Bible teacher and Holy Land tour guide, Ray Van Der Laan, tells us that the earlier “Maccabean revolt… was in large part a reaction to the attempts of these Greek-thinking kingdoms to convert the Jews to their own pagan values and practices.”[2] [3] The Jews wanted to convert the pagans and the pagans wanted to Hellenize the Jews.  Much prejudice reigned on both sides, though there was much mixing, or “bleedthrough”, of culture as well. Greek had become “the language of the economic world” (even in Jewish Palestine), and the Jews in the Decapolis had grown weak in their zeal for pure theology. The Greek culture was wealthy and their culture sparkled in its wealth. To resist, the Pharisees added stricter laws to keep the Jewish people from theological and cultural degradation, while the Sadducees actually invited pagan humanism. Judaism was “outdated”, while tolerance for paganism was new and politically and culturally ‘correct’. As Van Der Laan points out, this polarized the Jews into either extreme legalism, radicalism, or retreatism on the one hand, and wholesale dilution by integration on the other.  If this sounds familiar, it should. 

            Into this stew of ideas this man from Gadara went forth with his personal testimony of the mercy of God above all creeds, races, and prejudice. Not just merely a credal apologist, he was a traveling evangelist! No longer was the good news of Jesus Christ limited to the east coast of the Mediterranean to the Jordan River, but the personally verified hope of God was now spreading eastward into the world at large! No longer was the good news of Jesus Christ a Jewish phenomenon, both Jews and Gentiles were now forced to look at something higher and more deeply personal than mere cultural worldview.  They were forced to contend with the truth of the Savior of the World.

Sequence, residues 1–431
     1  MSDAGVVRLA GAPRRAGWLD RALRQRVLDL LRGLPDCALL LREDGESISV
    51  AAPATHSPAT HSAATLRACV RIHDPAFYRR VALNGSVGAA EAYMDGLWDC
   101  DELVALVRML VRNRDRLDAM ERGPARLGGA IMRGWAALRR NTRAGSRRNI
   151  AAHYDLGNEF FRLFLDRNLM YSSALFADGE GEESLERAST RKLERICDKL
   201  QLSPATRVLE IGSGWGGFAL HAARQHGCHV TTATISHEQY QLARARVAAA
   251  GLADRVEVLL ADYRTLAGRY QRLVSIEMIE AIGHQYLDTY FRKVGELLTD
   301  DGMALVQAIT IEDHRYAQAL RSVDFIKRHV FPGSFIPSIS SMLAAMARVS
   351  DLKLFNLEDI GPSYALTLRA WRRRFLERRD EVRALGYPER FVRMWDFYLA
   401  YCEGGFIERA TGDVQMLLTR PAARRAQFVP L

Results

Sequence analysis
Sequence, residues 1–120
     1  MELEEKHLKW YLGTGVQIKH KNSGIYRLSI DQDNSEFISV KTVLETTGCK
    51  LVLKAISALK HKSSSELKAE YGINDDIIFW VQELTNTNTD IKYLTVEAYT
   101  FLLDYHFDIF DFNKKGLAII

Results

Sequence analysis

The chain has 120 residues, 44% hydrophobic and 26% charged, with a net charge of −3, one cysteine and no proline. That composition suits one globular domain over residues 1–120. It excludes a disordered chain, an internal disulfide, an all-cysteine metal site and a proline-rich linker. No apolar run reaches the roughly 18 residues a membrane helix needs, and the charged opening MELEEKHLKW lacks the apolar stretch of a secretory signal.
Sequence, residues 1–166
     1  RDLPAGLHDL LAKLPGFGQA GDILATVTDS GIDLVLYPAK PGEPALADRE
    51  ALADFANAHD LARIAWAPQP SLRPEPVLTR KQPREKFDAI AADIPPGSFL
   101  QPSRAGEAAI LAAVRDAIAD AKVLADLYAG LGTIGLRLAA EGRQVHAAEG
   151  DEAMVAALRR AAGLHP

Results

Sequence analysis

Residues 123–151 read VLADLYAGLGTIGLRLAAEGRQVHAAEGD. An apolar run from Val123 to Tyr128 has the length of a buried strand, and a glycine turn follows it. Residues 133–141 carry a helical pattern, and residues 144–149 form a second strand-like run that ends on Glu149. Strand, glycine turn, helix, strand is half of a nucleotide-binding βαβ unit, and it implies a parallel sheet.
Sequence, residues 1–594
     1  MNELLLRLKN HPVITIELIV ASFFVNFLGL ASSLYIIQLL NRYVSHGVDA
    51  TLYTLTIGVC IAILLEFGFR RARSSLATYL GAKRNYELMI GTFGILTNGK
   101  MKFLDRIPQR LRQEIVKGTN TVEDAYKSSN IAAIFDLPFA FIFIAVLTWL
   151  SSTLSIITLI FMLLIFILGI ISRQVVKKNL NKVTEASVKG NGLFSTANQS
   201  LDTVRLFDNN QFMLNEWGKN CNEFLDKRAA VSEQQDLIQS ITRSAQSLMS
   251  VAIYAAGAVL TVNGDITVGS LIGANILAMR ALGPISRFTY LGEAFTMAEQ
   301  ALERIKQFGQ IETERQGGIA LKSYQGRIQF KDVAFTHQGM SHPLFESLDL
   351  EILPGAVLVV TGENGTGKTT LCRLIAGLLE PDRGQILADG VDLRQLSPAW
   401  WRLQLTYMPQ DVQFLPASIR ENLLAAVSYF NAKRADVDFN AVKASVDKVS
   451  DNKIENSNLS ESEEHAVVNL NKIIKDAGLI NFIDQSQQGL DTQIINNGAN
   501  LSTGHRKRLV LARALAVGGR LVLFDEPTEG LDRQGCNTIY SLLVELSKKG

“Decapolis and Surrounding Region”.  This map from Biblemapper 3.0 at BibleHub.com, under the Creative Commons Attribution License.

To what result?  

            “The people were amazed.” According to the original Greek word used here, they “marveled; held in wonder; admired” what they heard. They did not know Jesus and feared Him; but this man they DID know, and now no longer feared him. They listened.

            Let’s think about that for a minute.  It is a slogan in Christian circles that our lives as believers are the only Bible many will ever read.  Our words may be the only Words of Life that many will ever hear.  At first, the Gadarenes withdrew from the blazing purity of Christ Himself.  He was too big for them to comprehend, too frightening for them to remain.  But this man was approachable. He manifested a changed life.  He had sane words where once was insanity.  He had a calm demeanor where once was rage and wretchedness.  They were firsthand witnesses of Christ’s power not just over the evil spirits of the world, but over the human condition—over the human heart.  

            They were in awe, but were they convinced? For that we need to slip ahead in the narrative of Christ’s journey.